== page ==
I don’t think it should be removed… or kept, I couldn’t care less. This is such an old discussion, it’s been talked about since I started modeling and it takes too much discussion space. Why would that matter? You can call me what you want, I know who I am.

Could you tell us all about all womxn project?

AWP is a foundation for womxn empowerment providing resources, inspiration and safe spaces for womxn and girls. We focus on diversity and representation, self-acceptance and mental health but globally approach all womxn related issues from gender to sexual health and socio-economic issues and politics. We used to have in-perosn monthly support groups across the country, now we took it online, on SLACK, and focus on our free content creation.

How have you managed to care for and love yourself before anyone else? Do you think that, as women, we are achieving it after so many standards imposed in the past?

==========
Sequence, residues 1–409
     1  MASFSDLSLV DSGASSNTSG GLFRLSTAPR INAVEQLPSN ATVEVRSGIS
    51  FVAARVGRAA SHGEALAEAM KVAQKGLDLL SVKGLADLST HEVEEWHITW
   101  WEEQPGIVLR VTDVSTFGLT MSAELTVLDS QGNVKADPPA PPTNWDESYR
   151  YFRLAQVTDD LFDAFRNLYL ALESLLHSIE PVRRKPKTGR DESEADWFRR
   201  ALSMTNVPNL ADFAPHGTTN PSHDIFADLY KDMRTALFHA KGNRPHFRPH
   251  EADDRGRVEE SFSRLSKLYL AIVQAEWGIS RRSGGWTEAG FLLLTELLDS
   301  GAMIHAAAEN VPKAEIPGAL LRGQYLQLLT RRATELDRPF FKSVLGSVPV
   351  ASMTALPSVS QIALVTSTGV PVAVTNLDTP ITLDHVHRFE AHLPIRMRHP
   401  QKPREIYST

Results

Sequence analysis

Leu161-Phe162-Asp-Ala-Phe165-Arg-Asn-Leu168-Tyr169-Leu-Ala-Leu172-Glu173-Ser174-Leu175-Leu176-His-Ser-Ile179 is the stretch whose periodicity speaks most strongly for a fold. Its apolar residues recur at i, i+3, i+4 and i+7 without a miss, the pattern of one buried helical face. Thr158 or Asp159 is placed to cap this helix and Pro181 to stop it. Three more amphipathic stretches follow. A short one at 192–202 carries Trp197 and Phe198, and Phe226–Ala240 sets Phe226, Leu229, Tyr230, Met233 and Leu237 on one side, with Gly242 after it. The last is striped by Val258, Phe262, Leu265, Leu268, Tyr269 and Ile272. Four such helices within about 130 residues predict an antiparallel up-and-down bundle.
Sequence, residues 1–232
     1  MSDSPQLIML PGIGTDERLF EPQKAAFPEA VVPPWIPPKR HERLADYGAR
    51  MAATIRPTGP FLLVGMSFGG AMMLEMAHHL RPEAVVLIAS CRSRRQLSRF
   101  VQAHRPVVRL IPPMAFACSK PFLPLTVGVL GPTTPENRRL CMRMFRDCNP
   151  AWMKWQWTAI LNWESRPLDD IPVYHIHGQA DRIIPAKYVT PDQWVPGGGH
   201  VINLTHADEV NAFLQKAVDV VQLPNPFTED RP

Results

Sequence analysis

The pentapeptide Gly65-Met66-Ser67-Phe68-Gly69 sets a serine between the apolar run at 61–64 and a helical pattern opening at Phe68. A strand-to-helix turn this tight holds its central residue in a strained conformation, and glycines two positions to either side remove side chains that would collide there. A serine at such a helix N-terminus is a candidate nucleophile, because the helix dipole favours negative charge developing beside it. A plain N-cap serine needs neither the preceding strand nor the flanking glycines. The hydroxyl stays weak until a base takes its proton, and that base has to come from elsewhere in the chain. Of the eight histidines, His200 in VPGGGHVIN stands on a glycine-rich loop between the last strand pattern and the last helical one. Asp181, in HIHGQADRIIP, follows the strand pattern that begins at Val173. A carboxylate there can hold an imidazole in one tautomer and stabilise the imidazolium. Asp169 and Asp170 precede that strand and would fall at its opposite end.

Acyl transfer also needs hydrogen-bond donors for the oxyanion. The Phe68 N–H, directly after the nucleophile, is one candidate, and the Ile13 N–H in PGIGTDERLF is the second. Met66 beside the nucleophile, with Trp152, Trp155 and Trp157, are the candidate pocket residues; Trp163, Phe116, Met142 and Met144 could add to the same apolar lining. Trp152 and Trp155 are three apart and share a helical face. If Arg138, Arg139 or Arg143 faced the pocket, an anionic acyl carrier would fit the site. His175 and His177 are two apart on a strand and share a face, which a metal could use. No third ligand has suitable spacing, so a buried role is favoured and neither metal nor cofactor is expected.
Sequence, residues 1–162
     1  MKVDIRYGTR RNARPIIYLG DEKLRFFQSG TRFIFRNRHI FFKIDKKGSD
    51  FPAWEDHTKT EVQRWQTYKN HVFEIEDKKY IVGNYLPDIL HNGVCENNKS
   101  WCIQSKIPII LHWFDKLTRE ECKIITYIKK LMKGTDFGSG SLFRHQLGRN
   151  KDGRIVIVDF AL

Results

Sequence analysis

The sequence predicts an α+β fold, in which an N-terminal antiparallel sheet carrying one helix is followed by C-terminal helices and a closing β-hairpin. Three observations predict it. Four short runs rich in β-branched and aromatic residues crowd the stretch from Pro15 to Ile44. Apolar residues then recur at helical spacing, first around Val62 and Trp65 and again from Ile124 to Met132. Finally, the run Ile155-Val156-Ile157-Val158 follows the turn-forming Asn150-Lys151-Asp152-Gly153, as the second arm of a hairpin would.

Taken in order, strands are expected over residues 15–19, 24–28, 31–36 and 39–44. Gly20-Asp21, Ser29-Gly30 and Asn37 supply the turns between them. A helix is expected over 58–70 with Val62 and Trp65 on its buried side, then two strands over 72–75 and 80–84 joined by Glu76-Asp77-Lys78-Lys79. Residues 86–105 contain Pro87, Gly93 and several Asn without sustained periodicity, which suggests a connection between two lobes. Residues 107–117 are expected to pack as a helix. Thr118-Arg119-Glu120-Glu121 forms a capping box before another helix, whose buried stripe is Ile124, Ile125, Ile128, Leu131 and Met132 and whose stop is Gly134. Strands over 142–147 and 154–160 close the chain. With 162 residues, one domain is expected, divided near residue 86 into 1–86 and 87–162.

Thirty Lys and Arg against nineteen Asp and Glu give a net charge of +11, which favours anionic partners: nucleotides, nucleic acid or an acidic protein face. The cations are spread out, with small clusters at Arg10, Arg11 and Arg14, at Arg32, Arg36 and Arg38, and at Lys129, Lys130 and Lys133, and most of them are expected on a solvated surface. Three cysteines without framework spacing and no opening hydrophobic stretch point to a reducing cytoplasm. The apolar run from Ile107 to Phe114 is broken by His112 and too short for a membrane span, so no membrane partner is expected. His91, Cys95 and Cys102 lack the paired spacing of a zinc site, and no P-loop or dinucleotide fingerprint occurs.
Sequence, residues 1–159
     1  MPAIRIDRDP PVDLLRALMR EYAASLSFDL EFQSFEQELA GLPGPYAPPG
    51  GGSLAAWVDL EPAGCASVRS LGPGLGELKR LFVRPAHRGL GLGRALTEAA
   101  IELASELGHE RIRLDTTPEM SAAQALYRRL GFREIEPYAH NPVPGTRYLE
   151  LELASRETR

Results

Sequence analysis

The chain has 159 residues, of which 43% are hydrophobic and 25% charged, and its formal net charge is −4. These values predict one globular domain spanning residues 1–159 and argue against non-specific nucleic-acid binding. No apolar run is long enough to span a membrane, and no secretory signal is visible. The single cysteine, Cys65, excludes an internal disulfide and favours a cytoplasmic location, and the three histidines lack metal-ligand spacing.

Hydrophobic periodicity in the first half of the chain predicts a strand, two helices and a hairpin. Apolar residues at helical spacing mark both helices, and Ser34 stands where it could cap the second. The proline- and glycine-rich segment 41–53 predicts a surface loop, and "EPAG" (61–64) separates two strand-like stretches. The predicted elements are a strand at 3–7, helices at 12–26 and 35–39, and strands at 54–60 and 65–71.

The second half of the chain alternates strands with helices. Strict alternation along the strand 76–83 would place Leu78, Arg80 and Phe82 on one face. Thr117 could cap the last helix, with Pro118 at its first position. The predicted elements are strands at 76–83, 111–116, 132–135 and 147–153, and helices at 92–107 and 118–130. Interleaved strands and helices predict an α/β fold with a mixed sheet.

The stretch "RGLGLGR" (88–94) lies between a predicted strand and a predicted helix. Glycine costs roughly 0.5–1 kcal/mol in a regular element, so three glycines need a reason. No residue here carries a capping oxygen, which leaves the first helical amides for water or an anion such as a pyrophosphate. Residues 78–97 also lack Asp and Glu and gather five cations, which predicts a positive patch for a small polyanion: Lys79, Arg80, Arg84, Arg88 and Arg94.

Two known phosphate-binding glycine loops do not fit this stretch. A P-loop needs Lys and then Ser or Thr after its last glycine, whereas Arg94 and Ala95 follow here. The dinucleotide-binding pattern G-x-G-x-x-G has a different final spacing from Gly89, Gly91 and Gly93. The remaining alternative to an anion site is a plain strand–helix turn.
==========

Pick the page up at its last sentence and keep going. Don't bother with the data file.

I am still in the process. Self-acceptance and self-love is a journey. Mostly very long, sometimes life-long. My job really helped me grow into who I am today, I am a cancer, I live to make others feel good, I live to give love and joy, so through my career, I manage to create a healthy community, to use my image for good and for others and that really makes me feel good. It helps me to love and accept myself. I am still processing so much trauma and issues but I feel like I am moving faster through those now because I know myself better, and accept myself better.

What was a difficult moment in life that taught you something? 

This year was the hardest for me in so many ways. In addition to the pandemic I have been through a very traumatic time, realizing so much about my relationships and myself. It gave me so much to process, analyse and recover from. But I am doing better by the day.

When you look for inspiration where do you go?

I look to nature, I go outside, feel the elements on my skin, observe people, listen to salsa music to get my mood up, make food.

What do you do when you have a creative block?